ELIZABETHTON — Carter county Sheriff Chris Mathes said his department’s investigation of the death of 4-year-old Coty Stines has resulted in a charge of reckless homicide being filed on a 13-year-old. The death occurred on July 2.
Mathes revealed the charge in a press conference on Wednesday afternoon. He said the case will be prosecuted in Juvenile Court. He said his department will not release the identity of the 13-year-old.
During the initial stages of the investigation, Mathes said the 4-year-old victim had been identified as Coty Cox, but his correct last name was Stines.
The sheriff had earlier revealed the results of an autopsy that showed Stines had died from a BB that had penetrated the boy’s skull. Mathes said the 13-year-old had provided misleading information to investigators. The boy had told them Stines had been jumping on a bed when he fell and hit is head on the corner of a dresser.
“Throughout the investigation on multiple times we were given misleading information,” Mathes said.
Mathes said no charges were placed on the mother who had left her child in the care of the 13-year-old first cousin and a 10-year-old boy while she was gone for a short time. The 10-year-old boy is believed to have been asleep on a couch at the time of the shooting.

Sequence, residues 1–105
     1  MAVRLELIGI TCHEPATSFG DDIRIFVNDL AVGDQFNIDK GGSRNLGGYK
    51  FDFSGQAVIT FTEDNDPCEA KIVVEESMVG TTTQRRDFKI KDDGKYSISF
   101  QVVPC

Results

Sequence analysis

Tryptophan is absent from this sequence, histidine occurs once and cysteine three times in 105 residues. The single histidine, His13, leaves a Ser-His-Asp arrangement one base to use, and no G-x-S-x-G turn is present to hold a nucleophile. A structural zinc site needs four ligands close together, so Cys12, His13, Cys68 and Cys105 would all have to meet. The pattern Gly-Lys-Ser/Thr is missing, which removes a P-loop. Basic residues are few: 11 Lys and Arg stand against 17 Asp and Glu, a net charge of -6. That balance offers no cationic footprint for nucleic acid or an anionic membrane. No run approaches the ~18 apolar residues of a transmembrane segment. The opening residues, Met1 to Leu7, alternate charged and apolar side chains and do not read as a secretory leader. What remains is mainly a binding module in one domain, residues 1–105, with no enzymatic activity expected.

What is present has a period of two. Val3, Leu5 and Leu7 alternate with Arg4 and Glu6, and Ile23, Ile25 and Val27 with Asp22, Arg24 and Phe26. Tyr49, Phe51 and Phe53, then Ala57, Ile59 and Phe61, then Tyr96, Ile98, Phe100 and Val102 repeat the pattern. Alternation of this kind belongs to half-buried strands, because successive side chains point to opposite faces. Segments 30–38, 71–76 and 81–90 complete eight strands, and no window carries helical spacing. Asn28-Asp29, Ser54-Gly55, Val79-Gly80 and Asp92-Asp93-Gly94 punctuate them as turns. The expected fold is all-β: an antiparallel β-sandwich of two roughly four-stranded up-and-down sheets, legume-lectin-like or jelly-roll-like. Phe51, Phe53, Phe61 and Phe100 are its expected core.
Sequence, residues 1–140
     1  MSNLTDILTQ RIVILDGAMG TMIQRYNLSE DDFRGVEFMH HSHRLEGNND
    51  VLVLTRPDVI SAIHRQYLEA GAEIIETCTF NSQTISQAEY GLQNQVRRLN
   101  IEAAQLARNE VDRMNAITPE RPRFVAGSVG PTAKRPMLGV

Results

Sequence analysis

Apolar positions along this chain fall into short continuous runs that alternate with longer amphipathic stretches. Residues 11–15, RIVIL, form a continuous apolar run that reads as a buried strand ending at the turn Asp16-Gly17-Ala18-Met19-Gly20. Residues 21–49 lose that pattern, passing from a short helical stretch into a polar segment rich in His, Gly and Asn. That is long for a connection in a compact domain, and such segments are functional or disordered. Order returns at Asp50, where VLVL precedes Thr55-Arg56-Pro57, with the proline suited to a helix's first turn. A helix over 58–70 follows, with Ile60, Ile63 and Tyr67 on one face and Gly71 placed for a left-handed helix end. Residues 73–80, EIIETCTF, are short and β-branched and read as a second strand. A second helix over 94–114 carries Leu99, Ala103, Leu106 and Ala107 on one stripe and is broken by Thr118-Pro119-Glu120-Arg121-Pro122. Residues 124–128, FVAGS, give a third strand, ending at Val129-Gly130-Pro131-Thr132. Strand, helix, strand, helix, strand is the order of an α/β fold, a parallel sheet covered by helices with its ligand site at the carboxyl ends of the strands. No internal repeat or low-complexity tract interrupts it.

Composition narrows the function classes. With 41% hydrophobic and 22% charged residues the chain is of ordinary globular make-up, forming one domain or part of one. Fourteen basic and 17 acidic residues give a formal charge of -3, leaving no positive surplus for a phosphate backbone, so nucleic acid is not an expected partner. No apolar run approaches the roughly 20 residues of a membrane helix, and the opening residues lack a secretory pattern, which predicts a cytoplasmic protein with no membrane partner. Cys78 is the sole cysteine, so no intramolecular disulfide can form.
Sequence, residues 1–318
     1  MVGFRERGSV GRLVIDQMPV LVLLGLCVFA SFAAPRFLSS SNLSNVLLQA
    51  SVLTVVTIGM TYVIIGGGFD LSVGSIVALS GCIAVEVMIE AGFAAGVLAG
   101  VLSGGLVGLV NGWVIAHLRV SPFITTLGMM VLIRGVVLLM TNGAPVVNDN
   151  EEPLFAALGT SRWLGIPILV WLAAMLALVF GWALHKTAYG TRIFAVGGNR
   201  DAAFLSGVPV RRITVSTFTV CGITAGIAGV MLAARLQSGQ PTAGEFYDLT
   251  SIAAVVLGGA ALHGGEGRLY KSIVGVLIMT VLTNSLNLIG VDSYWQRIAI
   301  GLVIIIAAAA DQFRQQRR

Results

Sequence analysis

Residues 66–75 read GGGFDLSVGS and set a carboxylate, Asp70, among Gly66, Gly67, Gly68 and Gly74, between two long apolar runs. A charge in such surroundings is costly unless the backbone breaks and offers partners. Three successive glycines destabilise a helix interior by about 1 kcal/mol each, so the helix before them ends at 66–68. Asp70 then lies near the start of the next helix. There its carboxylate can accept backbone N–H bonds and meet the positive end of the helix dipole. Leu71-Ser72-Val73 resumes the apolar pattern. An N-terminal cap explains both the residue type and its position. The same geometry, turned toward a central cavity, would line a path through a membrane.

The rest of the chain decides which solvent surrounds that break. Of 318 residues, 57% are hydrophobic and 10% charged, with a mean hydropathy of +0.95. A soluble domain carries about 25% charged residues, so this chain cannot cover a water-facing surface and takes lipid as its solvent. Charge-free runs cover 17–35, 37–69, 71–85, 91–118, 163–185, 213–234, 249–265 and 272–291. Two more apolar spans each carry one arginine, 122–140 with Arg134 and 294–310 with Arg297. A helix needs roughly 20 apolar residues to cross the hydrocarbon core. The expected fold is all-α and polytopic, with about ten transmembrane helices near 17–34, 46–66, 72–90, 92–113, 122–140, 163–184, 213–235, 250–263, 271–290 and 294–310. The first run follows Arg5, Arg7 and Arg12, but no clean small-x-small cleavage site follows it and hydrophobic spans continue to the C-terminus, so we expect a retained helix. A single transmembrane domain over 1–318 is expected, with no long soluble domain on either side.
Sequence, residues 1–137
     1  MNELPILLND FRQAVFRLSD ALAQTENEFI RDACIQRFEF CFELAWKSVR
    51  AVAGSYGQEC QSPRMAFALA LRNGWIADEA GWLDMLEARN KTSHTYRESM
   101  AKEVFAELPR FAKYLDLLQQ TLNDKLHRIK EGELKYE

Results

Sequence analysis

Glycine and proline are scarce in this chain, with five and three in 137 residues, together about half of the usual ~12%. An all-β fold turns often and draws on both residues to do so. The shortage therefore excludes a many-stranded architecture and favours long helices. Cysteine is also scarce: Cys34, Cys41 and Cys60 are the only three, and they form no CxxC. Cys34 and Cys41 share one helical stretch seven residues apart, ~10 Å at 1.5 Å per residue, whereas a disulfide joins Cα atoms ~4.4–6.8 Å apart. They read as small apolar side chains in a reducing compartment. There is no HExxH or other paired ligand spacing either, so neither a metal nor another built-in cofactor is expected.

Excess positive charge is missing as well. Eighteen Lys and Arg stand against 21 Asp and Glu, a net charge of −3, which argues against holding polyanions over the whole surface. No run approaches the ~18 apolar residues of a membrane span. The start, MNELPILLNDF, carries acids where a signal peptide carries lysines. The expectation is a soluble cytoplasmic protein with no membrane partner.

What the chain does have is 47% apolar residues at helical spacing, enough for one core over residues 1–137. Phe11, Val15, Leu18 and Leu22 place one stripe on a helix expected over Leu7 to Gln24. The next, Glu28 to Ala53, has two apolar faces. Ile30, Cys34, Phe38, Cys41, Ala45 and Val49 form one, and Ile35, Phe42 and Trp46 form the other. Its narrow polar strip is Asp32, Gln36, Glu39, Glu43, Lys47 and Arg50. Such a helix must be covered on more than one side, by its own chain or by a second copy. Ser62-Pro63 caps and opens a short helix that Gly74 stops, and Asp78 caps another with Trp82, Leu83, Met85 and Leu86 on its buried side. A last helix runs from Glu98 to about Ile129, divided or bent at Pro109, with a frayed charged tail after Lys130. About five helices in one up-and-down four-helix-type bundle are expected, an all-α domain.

“This is a very delicate situation and our hearts go out to the family,” Mathes said.
Mathes and Assistant District Attorney General Dennis Brooks both said the evidence did not reveal an intent on the part of the 13-year-old to kill his cousin. Mathes said that was the reason behind the decision to bring the charge of reckless homicide. Even though there was no intent, he said the boy was still responsible for his actions.
The sheriff said the Department of Children’s Services will play a role in the case.
Brooks said the Juvenile Court normally works to rehabilitate an offender, especially one as young as a 13-year-old.
“Our hope is this 13-year-old will recover from this to become a productive member of society,” Mathes said.
Capt. Mike Little oversaw the investigation and said “we took painstaking efforts to build the case.” He said two BB guns were found at the scene. Both were powered by compressed air and Mathes said one could be pumped many times to give the gun a higher velocity and power.
Little said there is no forensic evidence to determine which of the BB guns was the one used. Unlike bullets, BBs do not have markings that reveal which barrel of a gun it came from.